Teach Like a Champion provides effective teaching techniques to help teachers, particularly those in their first few years, become classroom champions.
These powerful techniques are concrete, specific, and are easy to put into action the very next day. Training activities at the end of each chapter help the reader further their understanding through reflection and application of the ideas to their own practice.
HOW TO USE THIS BOOK
I’ve organized this collection of field notes from my observations of highly effective teachers as a how-to book and divided the techniques into two parts. Part One contains nine chapters that delve into the essential techniques I observed in the classrooms of exceptional teachers, those whose results are most clearly effective in ensuring outstanding achievement among even the high- est need students.
These teachers include many of the champions from within Uncommon Schools, the organization where I am a managing director, and many others from top schools around the country where I have had the privilege to observe.
The techniques are clustered into chapters organized into larger themes that are relevant to your teaching: raising academic and behavioral expectations, structuring lessons, creating a strong and vibrant student culture, and building character and trust.
The forty-nine techniques to which the book’s subtitle refers appear in the first seven chapters. Chapters Eight and Nine discuss two other critical issues in teaching, pacing and questioning.
The observations I’ve drawn from watching champions in these areas didn’t break down quite as cleanly into techniques so the observations in these chapters aren’t numbered. That said I believe you’ll find them just as useful.
Like all the material in this book, those chapters were derived from watching how champions do it. Part Two of the book focuses on critical skills and techniques for teaching reading. The structure of the book allows you to pick and choose techniques in order to improve and master specific aspects of your technique one at a time and in the order that best suits your teaching.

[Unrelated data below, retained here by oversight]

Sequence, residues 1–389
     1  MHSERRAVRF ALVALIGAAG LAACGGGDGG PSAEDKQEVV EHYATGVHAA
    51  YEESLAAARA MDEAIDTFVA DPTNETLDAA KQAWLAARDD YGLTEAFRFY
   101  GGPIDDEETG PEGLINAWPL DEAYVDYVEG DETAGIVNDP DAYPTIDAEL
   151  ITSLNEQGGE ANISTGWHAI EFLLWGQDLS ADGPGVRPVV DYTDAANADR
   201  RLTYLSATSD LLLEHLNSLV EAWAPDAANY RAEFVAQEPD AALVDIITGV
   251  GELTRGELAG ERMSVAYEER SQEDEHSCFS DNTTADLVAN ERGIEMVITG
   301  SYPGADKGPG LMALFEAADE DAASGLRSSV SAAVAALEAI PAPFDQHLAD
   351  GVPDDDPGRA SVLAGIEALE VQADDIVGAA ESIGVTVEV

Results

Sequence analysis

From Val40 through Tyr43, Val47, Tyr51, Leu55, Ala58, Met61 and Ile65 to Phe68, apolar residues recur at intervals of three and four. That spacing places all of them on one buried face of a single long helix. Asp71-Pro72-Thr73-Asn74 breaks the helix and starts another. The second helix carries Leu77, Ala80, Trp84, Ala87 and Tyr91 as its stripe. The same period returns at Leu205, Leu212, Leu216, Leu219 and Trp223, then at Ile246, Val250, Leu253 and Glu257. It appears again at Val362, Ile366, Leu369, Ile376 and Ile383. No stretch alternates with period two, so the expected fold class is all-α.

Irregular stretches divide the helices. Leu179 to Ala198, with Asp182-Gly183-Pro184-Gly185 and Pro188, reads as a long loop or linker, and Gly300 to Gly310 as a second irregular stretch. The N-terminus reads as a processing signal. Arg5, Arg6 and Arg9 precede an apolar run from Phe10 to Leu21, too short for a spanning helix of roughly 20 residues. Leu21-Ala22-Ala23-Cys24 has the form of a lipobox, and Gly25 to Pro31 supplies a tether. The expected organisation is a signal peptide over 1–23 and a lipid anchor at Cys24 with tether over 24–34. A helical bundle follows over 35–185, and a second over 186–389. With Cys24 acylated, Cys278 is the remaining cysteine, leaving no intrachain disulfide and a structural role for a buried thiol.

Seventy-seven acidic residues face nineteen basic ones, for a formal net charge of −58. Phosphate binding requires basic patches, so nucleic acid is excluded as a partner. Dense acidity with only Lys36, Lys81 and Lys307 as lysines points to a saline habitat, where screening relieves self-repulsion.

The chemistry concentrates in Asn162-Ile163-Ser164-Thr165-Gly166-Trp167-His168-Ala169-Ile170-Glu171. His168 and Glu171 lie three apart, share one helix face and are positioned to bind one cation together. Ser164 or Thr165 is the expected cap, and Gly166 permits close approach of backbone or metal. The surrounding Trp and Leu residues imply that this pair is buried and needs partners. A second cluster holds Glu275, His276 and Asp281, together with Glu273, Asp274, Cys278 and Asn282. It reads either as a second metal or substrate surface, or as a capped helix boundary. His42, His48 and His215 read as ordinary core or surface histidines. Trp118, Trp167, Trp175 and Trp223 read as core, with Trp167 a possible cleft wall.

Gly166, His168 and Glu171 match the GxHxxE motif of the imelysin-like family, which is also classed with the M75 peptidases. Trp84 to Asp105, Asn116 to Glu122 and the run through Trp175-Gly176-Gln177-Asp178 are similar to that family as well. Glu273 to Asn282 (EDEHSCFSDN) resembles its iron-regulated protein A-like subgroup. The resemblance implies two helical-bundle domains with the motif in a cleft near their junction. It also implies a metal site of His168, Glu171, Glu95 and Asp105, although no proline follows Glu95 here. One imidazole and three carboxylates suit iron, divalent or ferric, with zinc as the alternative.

At the same time, the full array of techniques operates in synergy; using one makes another better, and the whole is greater than the sum of the parts. So I hope you will also find time to read the book through end-to-end and push yourself to refine some of the techniques you might not initially choose to focus on.
Alternatively, reading the book through cover- to-cover might help you understand more clearly where you want to develop, either because you have talent and strong instincts for a group of techniques or because you wish you did.
As you consider how to use this book, I offer one preliminary reflection on developing people, including yourself. It’s easy to slip into a “fixing what’s wrong” mind-set, with yourself and with others whom you’re developing or man- aging.
And while mitigating someone’s weaknesses, including your own, can be an effective development strategy, an alternative is to focus not on fixing what’s wrong but on maximizing and leveraging strengths.
This also applies to the excel- lent teachers I’ve observed in the course of my work: they too have weaknesses in their teaching, despite their often breathtaking results. What often makes them exceptionally successful are a core group of things they are exceptionally good at.
It’s plausible that developing what you’re already good at could improve your teaching just as much, if not more, than working on your weaknesses, though even more likely is that a combination of the two would yield the best outcomes.
Regardless, you might be tempted to skip a chapter because you are already good at the topic it discusses, but I encourage you to study that chapter with special attentiveness specifically because you are good it.
A bit of refinement in your technique could be something you quickly and intuitively apply and could make you exceptional—or more exceptional. In other words, invest in your strengths, too. Maximizing them can be as or more powerful than eliminating all of your weaknesses.